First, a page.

Pest controllers providing a possum removal service require a permit from the Department of Environment, Water and Natural Resources. This permit grants approval for a pest controller to trap and release possums on behalf of the landholder onto the landholder’s property within 50 metres of the capture site. Ask the pest controller to show you a copy of their permit or ask for their permit number.

Possum Traps

Possum traps allow for the removal of possums from your roof cavity so that you may block up access points. Once a possum is trapped it is illegal to remove it from your property and therefore must be released back into your property, within 50 metres of the capture site, within 24 hours. It is also illegal to trap possums without a permit.

About Opossums

The opossum is a medium-sized mammal, about the size of a house cat, with gray to black fur, a pink nose, naked ears, and an almost hairless prehensile tail (able to grasp, hold or wrap around). They are North America’s only marsupial. They are solitary, slow moving animals who are most active at night, when they wander randomly in search for food.

Although they are excellent climbers and have been known to live in tree cavities, they prefer to den on the ground in old woodchuck burrows, brush/wood piles, and even in spaces under decks or patios. Opossums are omnivorous and are beneficial to humans because they cause very little damage and they consume undesirable insects, snails, and slugs.

The many beneficial qualities of Opossums include:

Keeping neighborhoods clear of unwanted pests like cockroaches, rats, and mice.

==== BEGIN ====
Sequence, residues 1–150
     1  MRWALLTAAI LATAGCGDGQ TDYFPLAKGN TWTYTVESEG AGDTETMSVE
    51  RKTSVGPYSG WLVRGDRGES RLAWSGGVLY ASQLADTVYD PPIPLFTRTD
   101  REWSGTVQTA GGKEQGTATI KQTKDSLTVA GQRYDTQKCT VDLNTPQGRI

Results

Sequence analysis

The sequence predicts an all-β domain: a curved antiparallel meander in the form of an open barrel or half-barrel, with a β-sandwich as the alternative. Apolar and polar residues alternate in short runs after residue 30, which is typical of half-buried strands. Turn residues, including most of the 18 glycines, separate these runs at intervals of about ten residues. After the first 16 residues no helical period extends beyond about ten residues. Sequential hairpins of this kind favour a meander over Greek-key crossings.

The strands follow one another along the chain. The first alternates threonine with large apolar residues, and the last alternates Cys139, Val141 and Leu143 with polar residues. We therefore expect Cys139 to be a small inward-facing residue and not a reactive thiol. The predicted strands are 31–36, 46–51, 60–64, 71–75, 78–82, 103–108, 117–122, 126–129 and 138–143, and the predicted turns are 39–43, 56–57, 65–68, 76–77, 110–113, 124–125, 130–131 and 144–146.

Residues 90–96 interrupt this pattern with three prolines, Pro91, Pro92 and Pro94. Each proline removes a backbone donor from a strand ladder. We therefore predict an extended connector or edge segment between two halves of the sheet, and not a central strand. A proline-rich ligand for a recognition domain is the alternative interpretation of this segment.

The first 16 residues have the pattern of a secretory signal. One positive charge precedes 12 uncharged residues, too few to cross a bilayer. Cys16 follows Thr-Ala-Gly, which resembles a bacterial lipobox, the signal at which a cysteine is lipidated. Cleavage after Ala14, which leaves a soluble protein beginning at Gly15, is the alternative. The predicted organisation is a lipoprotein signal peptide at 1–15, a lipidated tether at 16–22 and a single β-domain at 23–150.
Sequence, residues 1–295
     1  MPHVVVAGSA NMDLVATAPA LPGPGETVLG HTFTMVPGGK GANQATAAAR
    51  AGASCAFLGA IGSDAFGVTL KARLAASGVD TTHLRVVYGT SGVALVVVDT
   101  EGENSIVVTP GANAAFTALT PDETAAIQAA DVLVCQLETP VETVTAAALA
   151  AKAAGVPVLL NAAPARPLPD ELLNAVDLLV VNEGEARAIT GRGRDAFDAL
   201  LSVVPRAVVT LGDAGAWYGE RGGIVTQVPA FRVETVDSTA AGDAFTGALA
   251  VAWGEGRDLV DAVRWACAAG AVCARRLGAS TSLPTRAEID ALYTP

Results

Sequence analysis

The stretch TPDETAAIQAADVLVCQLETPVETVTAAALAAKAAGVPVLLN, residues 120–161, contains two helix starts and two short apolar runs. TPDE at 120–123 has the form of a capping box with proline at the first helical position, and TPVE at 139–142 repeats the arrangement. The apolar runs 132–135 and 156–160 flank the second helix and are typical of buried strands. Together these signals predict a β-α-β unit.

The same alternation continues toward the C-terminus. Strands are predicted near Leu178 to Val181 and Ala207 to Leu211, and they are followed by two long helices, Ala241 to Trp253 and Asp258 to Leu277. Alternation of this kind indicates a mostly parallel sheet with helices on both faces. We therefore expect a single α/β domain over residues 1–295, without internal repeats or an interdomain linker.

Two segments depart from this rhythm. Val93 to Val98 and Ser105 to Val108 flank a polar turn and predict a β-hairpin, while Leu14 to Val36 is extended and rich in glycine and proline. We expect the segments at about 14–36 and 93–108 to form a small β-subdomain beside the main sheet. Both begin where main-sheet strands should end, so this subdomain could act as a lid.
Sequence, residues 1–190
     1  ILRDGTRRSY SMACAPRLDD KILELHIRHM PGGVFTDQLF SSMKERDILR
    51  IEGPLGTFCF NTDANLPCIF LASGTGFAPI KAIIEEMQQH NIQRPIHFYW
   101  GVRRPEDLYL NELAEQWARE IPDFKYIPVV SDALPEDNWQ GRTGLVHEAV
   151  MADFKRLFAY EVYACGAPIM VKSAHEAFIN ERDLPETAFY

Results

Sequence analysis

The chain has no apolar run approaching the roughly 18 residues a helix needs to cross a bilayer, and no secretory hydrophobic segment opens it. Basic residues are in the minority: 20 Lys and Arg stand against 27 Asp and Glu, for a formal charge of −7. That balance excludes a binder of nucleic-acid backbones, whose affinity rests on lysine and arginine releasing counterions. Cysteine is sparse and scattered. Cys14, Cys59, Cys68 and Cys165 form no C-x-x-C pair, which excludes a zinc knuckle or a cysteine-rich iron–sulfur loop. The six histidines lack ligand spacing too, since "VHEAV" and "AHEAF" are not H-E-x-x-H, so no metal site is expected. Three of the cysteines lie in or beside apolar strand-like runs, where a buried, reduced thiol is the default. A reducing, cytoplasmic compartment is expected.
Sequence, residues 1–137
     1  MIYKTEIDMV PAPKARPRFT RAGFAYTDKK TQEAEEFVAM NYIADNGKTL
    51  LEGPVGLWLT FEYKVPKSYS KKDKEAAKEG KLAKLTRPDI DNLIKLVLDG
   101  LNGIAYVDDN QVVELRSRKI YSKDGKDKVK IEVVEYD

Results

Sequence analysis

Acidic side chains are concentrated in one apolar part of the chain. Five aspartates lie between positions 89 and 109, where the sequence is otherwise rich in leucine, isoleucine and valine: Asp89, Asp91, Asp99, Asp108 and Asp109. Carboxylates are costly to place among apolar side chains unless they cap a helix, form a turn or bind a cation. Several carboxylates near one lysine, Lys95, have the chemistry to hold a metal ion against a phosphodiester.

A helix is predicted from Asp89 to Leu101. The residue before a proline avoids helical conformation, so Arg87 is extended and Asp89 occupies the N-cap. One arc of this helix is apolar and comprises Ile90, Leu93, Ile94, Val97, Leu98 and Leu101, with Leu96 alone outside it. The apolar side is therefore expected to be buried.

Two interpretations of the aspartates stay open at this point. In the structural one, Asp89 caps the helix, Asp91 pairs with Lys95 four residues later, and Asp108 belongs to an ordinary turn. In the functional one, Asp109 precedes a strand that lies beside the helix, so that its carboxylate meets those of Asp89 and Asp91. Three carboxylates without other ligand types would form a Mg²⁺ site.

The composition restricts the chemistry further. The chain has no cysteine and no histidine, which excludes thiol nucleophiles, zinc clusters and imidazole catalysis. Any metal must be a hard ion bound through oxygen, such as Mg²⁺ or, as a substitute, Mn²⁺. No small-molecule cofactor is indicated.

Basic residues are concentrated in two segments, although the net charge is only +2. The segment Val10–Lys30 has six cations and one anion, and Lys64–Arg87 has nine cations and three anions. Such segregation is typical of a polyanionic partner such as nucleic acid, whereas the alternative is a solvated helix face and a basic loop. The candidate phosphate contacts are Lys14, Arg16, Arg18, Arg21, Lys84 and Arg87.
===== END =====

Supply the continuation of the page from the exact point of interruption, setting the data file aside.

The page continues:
Reducing the Lyme disease carrying tick population, eating nearly 95% that cross their path.

Resistance to snake venom, and eat venomous species.

An extremely low risk of contracting rabies!

Keeping gardens blooming by eating snails, slugs, and fallen, overripe fruit

Opossums are usually shy and harmless animals, with two main defense mechanisms.  First, if an opossum is frightened and unable to flee, she may display her teeth and hiss. Although this behavior might appear fierce, it is usually just a warning.  Second, if they feel they are in real danger, they might “play possum” and have the appearance of being dead. When the opossum feels that he is no longer in danger, he will revive himself and move on.

The life span of opossums is very short. A four-year old wild opossum is a rarity. The average female probably lives through one breeding season in which time she may raise two litters of approximately a dozen young. Once born, the young instinctively crawl upward into the mother’s pouch where they will nurse for approximately fifty days.  When they grow to be approximately 3 – 4 inches long, they crawl out of their mother’s pouch and ride around on their mother’s back.  If they fall off, their mother may not notice because they are so small.  They are independent of their mother at about three months old. These large litters help accommodate for the high mortality rate opossums face.

DIY stink bomb to deter possums

How to make a stink bomb

Simply grab an old sock and fill it with a handful of blood and bone fertiliser. Identify the possum’s main point of entry to your garden and secure your stink bomb to block their path.

LED lights to deter possums

“We’d tried everything to stop possums eating the plants on our front deck, which they accessed via a large lilli pilli. Chicken wire cages over the pots were successful but unsightly. But since we put up some solar LED bud lights in the lilli pilli, we haven’t seen a possum at all and the lights look very pretty at night,” one reader wrote.

Fish oil to deter possums

Additionally, another reader came up with a way to stop possums eating their rose shoots using fish oil.

“Add about half a cup of oil to one litre of water and spray it on the shoots. It won’t harm the roses but the possums hate the smell. Naturally, you’ll have to put more on after it rains but it works a treat and is very cheap.”